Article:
Other features and advantages of the invention, which are believed to be novel and nonobvious, will be apparent from the following specification taken in conjunction with the accompanying drawings in which there is shown a preferred embodiment of the invention. Reference is made to the claims for interpreting the full scope of the invention which is not necessarily represented by such embodiment.
FIG. 1 is a block diagram showing a typical controller adaptable for use with the present invention.
FIG. 2 is a ladder logic diagram showing a typical machine control circuit.
FIG. 3 is a ladder logic diagram showing the required steps required to self diagnose the machine control circuit of FIG. 2 according to the prior art.
FIG. 4 is a ladder logic diagram showing the typical machine control circuit of FIG. 2 constructed according to the present invention.
FIG. 5 is a ladder logic diagram showing an auxiliary ladder rung of the typical machine control circuit of FIG. 2.
Although this invention is susceptible to embodiments of many different forms, a preferred embodiment will be described and illustrated in detail herein. The present disclosure exemplifies the principles of the invention and is not to be considered a limit to the broader aspects of the invention to the particular embodiment as described.
FIG. 1 illustrates a control system 1 consisting of a controller 10, input modules 12 and output modules 14. The input modules 12 are sensing devices utilized in the control system. These could be digital signals from on-off devices, such as switches, valves, and interlocks, or analog signals representative of temperature, pressure, and voltage. The output modules 14 could be motor starters, indicating lamps, relays, and so on. A central processing unit CPU section 16 solves a user logic program resident in a memory 18 for controlling the control system. Memory 18 stores the user logic program, input/output (I/O) tables, executive firmware, and other system overhead elements. It has at least two sections, a state random access memory RAM 20 and a user logic section 22. The state random access memory RAM 20 contains I/O registers for storing data associated with the input and output devices, including values and discrete registers for storing status of the input modules 12 and for controlling the output modules 14. An I/O processor 24 directs the flow of signals from the input modules 12 to the state memory 20 and provides a path over which the output signals resulting from the CPU 16 logic solutions are sent to the output modules 14. The CPU solves the user program, which is typically a ladder logic program stored in the user logic section 22, based on the current values in the input tables in the state RAM 20. The results are stored in the output tables and are used to drive the output devices. A communications processor 26 provides an interface to a network 28. This interface allows the controller 10 to communicate with other peripheral devices 30, other nodes or controllers 32 on the network, and a man-machine interface (MMI) 34 which can be used to provide a visual display of the complete system or be used to program the individual controllers of the overall control system or process.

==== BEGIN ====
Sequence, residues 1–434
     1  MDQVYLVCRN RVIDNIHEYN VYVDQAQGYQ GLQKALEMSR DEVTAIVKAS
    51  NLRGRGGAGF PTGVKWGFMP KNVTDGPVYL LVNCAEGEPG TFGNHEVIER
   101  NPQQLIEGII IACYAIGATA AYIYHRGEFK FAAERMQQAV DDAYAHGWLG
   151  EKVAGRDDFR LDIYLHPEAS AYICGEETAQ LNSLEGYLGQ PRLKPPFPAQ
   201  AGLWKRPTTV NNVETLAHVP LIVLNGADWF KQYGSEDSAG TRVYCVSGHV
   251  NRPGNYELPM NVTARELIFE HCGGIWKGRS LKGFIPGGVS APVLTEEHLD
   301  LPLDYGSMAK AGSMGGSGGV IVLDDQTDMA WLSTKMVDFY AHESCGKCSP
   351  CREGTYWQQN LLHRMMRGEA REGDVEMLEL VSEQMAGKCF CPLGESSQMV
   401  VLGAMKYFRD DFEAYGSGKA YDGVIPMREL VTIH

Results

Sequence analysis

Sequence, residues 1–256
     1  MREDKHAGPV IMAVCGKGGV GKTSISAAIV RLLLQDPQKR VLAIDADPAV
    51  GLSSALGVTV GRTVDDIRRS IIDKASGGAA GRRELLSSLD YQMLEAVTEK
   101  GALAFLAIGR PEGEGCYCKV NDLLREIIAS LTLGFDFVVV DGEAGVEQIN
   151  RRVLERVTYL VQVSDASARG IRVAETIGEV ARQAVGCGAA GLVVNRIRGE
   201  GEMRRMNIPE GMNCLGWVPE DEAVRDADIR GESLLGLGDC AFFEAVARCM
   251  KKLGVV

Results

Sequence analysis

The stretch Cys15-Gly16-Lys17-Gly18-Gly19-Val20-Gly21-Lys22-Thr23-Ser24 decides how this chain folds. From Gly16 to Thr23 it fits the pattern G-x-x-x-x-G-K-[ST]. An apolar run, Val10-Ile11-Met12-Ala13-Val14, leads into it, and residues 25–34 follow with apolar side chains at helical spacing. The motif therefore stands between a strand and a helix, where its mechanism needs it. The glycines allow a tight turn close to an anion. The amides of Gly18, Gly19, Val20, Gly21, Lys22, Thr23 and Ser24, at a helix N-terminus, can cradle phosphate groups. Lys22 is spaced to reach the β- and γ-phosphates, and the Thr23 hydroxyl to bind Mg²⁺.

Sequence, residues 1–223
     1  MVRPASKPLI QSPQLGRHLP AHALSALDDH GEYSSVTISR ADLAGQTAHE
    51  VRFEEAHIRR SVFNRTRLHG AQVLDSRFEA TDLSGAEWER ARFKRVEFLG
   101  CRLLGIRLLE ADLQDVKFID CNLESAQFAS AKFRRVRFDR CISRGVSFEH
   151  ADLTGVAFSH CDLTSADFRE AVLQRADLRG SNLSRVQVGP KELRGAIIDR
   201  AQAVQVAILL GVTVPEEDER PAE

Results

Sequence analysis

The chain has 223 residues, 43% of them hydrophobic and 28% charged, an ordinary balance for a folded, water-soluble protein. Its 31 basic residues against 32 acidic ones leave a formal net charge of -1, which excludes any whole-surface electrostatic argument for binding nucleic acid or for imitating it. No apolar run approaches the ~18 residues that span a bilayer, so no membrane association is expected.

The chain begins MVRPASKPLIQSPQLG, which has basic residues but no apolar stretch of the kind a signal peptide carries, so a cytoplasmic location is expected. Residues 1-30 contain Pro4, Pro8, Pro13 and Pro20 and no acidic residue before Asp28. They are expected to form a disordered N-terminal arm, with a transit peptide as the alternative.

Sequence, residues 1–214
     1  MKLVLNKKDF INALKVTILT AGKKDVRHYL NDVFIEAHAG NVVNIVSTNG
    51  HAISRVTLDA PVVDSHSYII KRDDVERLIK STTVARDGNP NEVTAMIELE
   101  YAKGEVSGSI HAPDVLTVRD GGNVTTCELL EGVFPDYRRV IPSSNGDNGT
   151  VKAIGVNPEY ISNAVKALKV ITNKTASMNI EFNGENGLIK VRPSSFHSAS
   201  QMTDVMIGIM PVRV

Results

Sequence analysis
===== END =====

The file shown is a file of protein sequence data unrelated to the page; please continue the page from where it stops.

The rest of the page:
All of the ladder logic required to control a process or system is stored in a logic segment in the user logic memory section 22. A segment is composed of a group of contiguous logic which are small clearly defined logic programs having interconnected rungs and columns. The intersection of each rung in the network is a node. The size of the segment is limited by the memory available in the CPU and by the time it takes the CPU to scan the ladder logic program. In constructing a rung in the program, the user starts from the left and fills each node with an element such as a contact, a short, or a function block that will cause a coil, that occupies the last node of the rung, to be either on or off, depending on the state of the elements. As an example, FIG. 2 illustrates a typical control rung that may be used to switch a process or machine into an automatic mode of operation. The five digit numbers are used to indicate a memory location for each of the elements. In this case, the Auto mode is represented by coil 40. It will be able to be energized when all the conditions represented by contacts 42, 44, 46, 48, and 50 are met. A chiller has a contact 42 that is closed when it is operating. Some auxiliary circuits associated with the process have to be completed and will cause contact 46 to close. Interlocks and guards have to be inplace, otherwise contact 48 will be open. Likewise, an automatic part loader used in the process has to be active or energized to allow contact 50 to close.